I’ve made a start on gathering together poems (my own and others’), internet ‘finds’ and reference books with a view to a new writing project related to the old wives’ tales, superstitions and slanted childhood memories that I grew up hearing from my grandmothers and mother.  It’s a tentative start but a start nevertheless.  And I’ve been doing a little more writing in, and gleaning from, my notebook, too.

It’s been a while since I last participated in a writing workshop.  In a bid to sweep away a winter’s-worth of cobwebs, I’ve signed up for Jen Campbell’s online workshop, Poetry and Fairy Tale.  I’m hoping that it will help me throw new light on a problematic poem that’s been stewing for too long – or spark something completely unexpected.  I’ve also splashed out (I blame recent social media enthusing about poetry festival goings and doings) and booked myself a place on George Szirtes’ masterclass, Liberated by Constraint, facilitated by Writing East Midlands.  I hope this one will jerk me right out of my comfort zone.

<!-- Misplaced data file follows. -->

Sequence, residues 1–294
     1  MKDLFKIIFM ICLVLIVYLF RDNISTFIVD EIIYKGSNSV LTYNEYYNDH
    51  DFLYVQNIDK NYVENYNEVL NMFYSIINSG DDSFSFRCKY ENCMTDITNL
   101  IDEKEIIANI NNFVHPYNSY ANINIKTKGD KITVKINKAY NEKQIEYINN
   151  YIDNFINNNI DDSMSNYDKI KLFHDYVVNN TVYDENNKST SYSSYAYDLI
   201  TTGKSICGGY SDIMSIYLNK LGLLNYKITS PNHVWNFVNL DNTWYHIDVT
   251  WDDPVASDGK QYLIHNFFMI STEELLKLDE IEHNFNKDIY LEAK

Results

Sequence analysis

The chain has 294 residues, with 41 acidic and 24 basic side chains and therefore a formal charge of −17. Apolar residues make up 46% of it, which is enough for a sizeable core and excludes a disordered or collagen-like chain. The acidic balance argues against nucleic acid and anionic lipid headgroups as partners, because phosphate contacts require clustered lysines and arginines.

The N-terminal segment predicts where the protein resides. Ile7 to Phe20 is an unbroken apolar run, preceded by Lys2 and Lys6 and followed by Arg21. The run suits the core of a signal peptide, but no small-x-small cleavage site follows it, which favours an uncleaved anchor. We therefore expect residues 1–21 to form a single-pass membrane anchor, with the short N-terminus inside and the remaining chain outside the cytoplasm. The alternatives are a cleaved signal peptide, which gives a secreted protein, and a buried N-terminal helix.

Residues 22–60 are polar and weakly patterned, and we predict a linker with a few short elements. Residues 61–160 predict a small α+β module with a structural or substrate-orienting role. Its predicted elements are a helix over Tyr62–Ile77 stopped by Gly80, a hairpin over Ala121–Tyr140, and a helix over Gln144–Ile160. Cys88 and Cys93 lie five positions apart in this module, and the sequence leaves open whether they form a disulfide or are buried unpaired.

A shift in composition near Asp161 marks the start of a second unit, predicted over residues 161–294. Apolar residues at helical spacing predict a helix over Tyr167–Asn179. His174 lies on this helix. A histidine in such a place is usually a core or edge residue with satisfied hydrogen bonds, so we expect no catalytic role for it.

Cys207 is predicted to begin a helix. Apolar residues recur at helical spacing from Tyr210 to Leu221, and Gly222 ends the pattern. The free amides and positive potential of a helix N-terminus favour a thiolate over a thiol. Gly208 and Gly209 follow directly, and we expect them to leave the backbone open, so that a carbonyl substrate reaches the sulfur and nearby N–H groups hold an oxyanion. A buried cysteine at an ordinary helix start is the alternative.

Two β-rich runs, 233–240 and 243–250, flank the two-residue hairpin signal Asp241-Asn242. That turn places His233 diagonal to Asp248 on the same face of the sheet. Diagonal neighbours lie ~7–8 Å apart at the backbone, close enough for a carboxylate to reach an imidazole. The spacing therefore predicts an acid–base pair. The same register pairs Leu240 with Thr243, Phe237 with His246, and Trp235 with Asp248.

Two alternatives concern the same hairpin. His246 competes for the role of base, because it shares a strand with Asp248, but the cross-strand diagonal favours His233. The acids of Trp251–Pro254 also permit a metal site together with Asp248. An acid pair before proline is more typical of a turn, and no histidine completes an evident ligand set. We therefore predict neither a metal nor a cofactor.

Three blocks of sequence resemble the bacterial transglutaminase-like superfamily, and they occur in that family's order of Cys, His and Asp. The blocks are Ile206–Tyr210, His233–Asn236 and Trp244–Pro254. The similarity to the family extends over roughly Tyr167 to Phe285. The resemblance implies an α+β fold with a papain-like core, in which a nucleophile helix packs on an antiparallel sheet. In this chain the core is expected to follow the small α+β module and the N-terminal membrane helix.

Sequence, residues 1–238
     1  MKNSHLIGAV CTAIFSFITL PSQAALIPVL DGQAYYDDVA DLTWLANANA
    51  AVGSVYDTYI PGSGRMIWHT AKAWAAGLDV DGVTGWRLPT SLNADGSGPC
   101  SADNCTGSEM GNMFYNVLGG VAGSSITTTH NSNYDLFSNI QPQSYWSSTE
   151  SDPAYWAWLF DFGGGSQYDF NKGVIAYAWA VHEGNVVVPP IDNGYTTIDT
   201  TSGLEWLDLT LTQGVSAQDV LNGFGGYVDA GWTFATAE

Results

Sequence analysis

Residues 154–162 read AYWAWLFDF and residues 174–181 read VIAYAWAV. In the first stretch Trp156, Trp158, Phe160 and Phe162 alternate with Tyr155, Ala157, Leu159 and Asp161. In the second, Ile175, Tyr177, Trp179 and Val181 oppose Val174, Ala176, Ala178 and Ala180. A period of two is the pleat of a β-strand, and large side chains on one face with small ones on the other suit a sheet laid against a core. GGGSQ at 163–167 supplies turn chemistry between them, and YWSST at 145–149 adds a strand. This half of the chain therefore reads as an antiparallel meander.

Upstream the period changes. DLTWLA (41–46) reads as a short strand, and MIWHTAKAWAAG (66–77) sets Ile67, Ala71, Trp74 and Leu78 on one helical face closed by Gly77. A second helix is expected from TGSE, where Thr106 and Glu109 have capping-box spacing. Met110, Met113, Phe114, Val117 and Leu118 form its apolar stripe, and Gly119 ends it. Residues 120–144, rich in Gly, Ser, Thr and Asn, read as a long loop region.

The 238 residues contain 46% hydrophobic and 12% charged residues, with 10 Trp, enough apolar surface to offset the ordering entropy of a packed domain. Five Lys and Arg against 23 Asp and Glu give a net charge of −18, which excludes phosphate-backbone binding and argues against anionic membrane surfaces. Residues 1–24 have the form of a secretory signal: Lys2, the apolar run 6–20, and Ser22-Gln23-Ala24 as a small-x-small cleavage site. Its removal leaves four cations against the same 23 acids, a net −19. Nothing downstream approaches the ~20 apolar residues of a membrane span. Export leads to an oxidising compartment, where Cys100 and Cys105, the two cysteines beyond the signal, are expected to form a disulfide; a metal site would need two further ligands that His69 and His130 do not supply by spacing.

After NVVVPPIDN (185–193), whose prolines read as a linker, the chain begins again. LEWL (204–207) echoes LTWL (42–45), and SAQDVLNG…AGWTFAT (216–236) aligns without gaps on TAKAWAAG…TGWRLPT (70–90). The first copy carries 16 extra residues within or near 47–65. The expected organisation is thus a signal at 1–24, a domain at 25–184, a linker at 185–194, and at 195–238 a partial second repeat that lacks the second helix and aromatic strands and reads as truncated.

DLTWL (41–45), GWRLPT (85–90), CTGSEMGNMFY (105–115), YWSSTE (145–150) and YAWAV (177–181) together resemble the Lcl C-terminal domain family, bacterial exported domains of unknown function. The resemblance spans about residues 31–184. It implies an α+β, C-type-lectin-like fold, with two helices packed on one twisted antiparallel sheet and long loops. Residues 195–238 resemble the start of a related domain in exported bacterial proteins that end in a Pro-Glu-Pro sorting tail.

I’ve not done a great deal of reading, this week (yes, I’m still reading that back issue of The North, as well as a novel that isn’t engaging me as I hoped it would).  I did read last Sunday’s Brainpickings and especially enjoyed, in The Temple of Knowledge, about Ronald Clark, who grew up in a New York public branch library in an age when library caretakers and their families lived among the books.  As the only bookworm in a literate but not a book-loving family, I can’t think of anything I’d have liked better!  His story sparked personal memories of spending hours of a Saturday, lounging on a beanbag in the children’s section of our local library, lost in a book; sitting at a table in the enforced silence of the reference library, copying passages from a book, for the love of it.  I came across this quote, by Jorge Luis Borges, at the bottom of this morning’s Wordery email: “I have always imagined Paradise as a kind of library.”

I hope you’re enjoying the sunshine at least as much as your writing and reading 🙂 x